She’s very much an earth mother. The Bonet household has no television, just one computer. And she never checks her phone in front of her kids. She encourages them to play on the land, use their imagination. “One of my proudest moments as a mom was when someone asked Nakoa-Wolf, ‘Well, what is life for?’ and he said, without missing a beat, ‘To protect Mother Earth, of course. But God also wants to play with Mother Earth.’ I just thought: my work is done!”
Bonet was born in the heart of the hippie movement, in November 1967 in San Francisco, to a white Jewish schoolteacher mother and a black opera-singing father. Her parents split up soon after she was born, and she has seen little of her father since. Her mother moved down to San Fernando Valley, near LA, and raised her alone. It wasn’t easy being a mixed-race kid at that time. “The world wasn’t ready for what I represented, the merging of these two races,” says Bonet. “I didn’t always feel welcome – in my mom’s family, in my school. So I sheltered myself by always withholding a bit, because I didn’t always feel safe.” If she could go back, she’d tell herself to love herself more: “Try not to internalize the disdain and hate that was projected onto me.”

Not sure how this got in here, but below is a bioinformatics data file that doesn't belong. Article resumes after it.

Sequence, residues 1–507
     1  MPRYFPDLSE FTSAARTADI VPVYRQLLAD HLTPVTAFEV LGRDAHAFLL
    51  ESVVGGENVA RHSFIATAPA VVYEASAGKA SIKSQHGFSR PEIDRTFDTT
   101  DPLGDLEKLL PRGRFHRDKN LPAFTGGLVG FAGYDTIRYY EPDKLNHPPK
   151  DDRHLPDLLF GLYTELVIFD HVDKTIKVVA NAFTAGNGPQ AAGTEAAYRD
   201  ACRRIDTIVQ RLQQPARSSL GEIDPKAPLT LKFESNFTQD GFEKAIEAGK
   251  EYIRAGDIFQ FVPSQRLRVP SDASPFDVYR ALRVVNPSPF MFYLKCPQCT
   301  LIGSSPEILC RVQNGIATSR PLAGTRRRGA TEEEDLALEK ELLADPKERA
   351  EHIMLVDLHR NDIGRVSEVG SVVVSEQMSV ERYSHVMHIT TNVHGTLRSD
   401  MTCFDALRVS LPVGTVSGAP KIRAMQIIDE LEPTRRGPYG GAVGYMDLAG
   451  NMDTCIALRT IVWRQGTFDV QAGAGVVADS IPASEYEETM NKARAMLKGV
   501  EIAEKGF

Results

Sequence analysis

“There was no knowledge on my part about Bill Cosby’s specific actions, but… There was just energy. And that type of sinister, shadow energy cannot be concealed”
Like a lot of self-described misfits, she found an escape in acting. At 16, she became Denise Huxtable on The Cosby Show, and then its spin-off show, A Different World, at the time two of the most popular shows in the world. Have the revelations about Bill Cosby’s alleged sexual misconduct tainted her memory of those years? She looks evenly at me. “No, it’s exactly as I remember it,” she says. But did you have a sense that anything was happening? “There was no knowledge on my part about his specific actions, but… There was just energy. And that type of sinister, shadow energy cannot be concealed.” You sensed a darkness? “Always. And if I had anything more to reveal then it would have happened a long time ago. That’s my nature. The truth will set you free.”